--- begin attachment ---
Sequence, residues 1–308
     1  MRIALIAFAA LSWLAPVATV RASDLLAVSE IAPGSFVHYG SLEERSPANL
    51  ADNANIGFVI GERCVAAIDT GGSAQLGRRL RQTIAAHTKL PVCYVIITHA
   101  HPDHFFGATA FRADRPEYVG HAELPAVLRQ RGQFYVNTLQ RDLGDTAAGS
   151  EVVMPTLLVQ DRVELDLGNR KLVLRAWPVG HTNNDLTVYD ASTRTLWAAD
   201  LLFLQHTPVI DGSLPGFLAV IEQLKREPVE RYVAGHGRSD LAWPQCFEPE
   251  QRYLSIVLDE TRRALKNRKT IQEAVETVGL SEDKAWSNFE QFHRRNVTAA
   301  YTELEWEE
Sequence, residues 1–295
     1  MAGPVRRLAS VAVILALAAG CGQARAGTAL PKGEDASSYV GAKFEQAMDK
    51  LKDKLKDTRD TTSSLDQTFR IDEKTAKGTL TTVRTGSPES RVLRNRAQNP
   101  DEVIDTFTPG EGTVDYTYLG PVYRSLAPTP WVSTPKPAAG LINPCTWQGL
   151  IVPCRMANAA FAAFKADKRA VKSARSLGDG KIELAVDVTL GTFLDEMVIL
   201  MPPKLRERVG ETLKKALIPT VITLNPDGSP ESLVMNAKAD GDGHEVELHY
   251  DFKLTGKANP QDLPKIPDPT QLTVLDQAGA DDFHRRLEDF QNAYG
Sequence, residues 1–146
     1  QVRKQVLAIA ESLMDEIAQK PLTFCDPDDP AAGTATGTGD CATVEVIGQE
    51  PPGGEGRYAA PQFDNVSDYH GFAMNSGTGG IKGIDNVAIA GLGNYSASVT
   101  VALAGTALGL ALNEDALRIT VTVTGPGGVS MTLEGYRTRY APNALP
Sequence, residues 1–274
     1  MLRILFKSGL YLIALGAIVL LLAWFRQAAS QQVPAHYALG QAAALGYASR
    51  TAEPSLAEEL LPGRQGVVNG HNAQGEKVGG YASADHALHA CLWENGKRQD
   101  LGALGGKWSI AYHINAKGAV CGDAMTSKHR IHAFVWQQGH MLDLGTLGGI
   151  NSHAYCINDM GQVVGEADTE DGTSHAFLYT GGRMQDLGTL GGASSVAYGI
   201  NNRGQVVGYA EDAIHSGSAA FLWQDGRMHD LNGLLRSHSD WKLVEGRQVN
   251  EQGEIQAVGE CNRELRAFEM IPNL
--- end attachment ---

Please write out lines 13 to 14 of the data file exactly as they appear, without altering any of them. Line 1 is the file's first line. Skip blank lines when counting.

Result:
   151  IVPCRMANAA FAAFKADKRA VKSARSLGDG KIELAVDVTL GTFLDEMVIL
   201  MPPKLRERVG ETLKKALIPT VITLNPDGSP ESLVMNAKAD GDGHEVELHY